Neverending War on Terror

“Who overcomes by force, hath overcome but half his foe.”

John Milton


U.S. Sectary of Defense Chuck Hagel, accompanied by the Chairman of the Joint Chiefs, Army Gen. Martin Dempsey, informed the world that the terror group ISIS were “beyond anything we’ve ever seen and we must prepare for everything.”General Dempsey went on to say, “They can be contained, not in perpetuity, this is an organization that has an apocalyptic, end-of-days strategic vision and which will eventually have to be defeated.”


As part of the growing chorus screaming for decisive action against the terror group, Gen. John R. Allen, USMC (Ret.), who led the Marines in Anbar Province and served as commander of the International Security Assistance Force in Afghanistan, also called for the destruction of ISIS.


The problem is, they all say what, nobody says how. This leaves the elephant in the room question unanswered: after fighting the ‘War On Terror’ for more then a decade, how does a terrorist group arise, more powerful, more dangerous, and with a hatred of the west more virulent, than Al Qaida ever was. Asked in another way; did the ‘War On Terror’ succeed? Given today’s warnings from Senator Jim Inhofe, and the security alerts issued by the FBI and Homeland Security, the answer might be no, and if that is the case we must ask a follow-up question, why not?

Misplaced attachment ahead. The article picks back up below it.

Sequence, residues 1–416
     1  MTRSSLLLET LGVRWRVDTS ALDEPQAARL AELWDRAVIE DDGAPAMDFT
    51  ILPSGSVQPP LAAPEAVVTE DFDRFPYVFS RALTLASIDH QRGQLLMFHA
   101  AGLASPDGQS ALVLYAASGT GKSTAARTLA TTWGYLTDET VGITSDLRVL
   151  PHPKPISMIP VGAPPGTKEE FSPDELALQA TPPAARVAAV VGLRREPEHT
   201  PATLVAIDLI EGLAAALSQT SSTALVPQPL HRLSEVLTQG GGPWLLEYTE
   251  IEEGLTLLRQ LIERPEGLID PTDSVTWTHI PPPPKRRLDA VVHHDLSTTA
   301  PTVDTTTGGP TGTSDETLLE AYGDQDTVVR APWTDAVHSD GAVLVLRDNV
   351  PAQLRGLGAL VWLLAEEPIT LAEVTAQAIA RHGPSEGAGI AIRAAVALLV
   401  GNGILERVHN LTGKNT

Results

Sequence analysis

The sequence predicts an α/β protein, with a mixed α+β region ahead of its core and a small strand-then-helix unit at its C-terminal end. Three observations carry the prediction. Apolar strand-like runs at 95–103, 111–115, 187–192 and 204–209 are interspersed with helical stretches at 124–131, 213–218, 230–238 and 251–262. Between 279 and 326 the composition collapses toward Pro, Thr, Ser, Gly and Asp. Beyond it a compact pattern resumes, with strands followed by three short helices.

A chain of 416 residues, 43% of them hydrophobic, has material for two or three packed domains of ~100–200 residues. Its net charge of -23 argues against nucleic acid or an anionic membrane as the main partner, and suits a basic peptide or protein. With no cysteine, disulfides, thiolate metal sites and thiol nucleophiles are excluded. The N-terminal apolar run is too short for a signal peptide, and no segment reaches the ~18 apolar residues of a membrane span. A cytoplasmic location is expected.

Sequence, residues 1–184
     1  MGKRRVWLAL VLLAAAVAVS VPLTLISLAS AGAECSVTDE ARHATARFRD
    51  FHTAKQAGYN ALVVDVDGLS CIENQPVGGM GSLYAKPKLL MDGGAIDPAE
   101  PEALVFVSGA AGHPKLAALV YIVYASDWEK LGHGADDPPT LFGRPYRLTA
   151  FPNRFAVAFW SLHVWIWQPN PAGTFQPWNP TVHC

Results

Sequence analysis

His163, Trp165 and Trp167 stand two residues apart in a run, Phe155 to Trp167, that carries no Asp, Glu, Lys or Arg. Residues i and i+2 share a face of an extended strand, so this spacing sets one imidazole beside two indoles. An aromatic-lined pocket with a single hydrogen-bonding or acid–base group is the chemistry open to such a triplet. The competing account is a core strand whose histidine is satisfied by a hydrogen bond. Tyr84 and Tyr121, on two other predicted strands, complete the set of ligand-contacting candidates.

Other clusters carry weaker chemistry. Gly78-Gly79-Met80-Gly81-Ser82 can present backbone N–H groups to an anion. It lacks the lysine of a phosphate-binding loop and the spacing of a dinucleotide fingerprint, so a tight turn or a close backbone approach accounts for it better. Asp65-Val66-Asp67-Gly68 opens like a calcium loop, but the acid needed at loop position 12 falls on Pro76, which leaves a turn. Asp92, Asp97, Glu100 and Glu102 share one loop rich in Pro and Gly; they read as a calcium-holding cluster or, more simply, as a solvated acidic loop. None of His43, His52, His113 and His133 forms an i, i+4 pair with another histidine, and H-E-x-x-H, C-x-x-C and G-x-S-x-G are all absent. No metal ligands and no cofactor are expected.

If we stepped into Mister Peabody’s Way-Back machine, and zipped off to King George’s court just prior to 1776, the answer would be obvious. The king might say to Lord North, “ those colonists have this radical idea of freedom and self governance; we’ll contain them for now, but eventually, they will have to be defeated.” Everyone knows how that turned out.


Memo to the policymakers: you can kill people, sure, but you can’t kill an idea! For every terrorist you kill, two, three or four pop up to replace him.


It might be the time to do the jaw clenching, backbreaking, mind numbing work of confronting the ideology that drives ISIS. This is the hard stuff that no one wants to do – easier to drop bombs. But if we don’t do this soon, the cycle will repeat endlessly, and this is not a legacy we ought to leave to our children. If we must fight, open both fronts.